Stockbridge Bowl

From Wikipedia, the free encyclopedia
Jump to navigation Jump to search
Stockbridge Bowl
Lake Mahkeenac
Stockbridge Bowl looking southeast to Rattlesnake Hill.JPG
View southeast to Rattlesnake Hill from the public boat ramp
LocationStockbridge, Massachusetts
Coordinates42°20′13″N 73°19′05″W / 42.337°N 73.318°W / 42.337; -73.318Coordinates: 42°20′13″N 73°19′05″W / 42.337°N 73.318°W / 42.337; -73.318
Lake typegreat pond
Primary inflowsLily Brook
Primary outflowsLarrywaug Brook
Basin countriesUnited States
Max. length1.75 mi (2.82 km)
Max. width0.75 mi (1.21 km)
Surface area372 acres (151 ha)
Max. depth48 ft (15 m)
Shore length16 mi (9.7 km) (approx.)
Surface elevation930 ft (280 m)
Frozenannually
Islandsone - ‘Kwuniikwat’
SettlementsStockbridge, Massachusetts
1 Shore length is not a well-defined measure.

Stockbridge Bowl, also known as Lake Mahkeenac, is a 372-acre (1.51 km2) artificially impounded body of water that is 4 km (2.5 mi) north of the village of Stockbridge, Massachusetts.[1] Above the lake’s north side with sweeping views to the south is Tanglewood, the summer home of the Boston Symphony Orchestra.

Geography[edit]

The Bowl is situated among sloping hills of the Taconic Range to the west and north and the Berkshire Hills to the east. From the north there is an impressive view over the lake and Housatonic River plain to Monument Mountain seven miles to the south. The portion of the Taconic Range bordering the lake is known as Yokun Ridge.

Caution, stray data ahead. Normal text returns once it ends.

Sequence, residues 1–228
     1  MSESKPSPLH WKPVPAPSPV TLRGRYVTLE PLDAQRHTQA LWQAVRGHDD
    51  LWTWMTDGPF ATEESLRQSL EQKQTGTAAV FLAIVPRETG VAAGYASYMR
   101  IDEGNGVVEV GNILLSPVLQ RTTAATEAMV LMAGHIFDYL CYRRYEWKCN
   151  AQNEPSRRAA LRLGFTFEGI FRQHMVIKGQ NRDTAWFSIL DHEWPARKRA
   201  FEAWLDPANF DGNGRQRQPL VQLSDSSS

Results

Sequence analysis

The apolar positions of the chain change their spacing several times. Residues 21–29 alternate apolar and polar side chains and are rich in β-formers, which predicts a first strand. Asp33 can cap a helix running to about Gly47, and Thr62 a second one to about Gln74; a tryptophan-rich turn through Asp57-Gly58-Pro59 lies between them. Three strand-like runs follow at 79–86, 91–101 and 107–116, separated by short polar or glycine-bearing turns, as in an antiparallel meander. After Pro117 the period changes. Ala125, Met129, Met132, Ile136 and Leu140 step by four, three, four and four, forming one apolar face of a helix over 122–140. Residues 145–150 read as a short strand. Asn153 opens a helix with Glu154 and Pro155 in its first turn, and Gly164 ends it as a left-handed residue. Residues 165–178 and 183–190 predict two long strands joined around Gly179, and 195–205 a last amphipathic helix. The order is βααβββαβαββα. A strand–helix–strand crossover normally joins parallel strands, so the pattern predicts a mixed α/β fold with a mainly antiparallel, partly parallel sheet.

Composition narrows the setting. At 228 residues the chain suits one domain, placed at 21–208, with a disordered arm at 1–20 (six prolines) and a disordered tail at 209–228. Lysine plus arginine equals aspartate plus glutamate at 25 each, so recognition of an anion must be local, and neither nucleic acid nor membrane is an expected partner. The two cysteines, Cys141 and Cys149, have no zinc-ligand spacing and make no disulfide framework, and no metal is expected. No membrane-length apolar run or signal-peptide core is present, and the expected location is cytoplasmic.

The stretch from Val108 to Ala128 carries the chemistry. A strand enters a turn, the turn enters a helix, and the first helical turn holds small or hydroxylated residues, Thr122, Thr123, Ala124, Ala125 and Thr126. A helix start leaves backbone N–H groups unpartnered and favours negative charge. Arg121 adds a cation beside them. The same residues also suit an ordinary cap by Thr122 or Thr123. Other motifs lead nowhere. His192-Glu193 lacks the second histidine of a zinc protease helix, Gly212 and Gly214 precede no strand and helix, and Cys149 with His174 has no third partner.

The lake is 1¾ miles long, about ¾ miles wide, and its shoreline totals approximately six miles (10 km). The primary inflow into the Bowl is from the northeast through Lily Brook. The drainage is from the southwest by Larrywaug Brook, which is a tributary to the Housatonic River.[2] At its deepest, the lake is 48 feet deep. The lake is artificially impounded by a dam at the end of a natural outlet a half mile from the lake’s southwest corner.

Environmental issues[edit]

The lake suffers from eutrophication due to excess nutrients blamed on runoff from development and septic systems in the immediate area.[3] Invasive species are also impacting the lake’s eco-system. These include the Eurasian Water Milfoil. Attractive, but invasive, are water lilies, plentiful at the southwest corner of the lake and though the passage to the outlet and dam. Strategies to counter these problems to date have included periodic partial drainage and harvesting of lake weed during summer months. Boat inspections for Zebra mussels have, to date, succeeded in keeping the lake free of them.

Recreation[edit]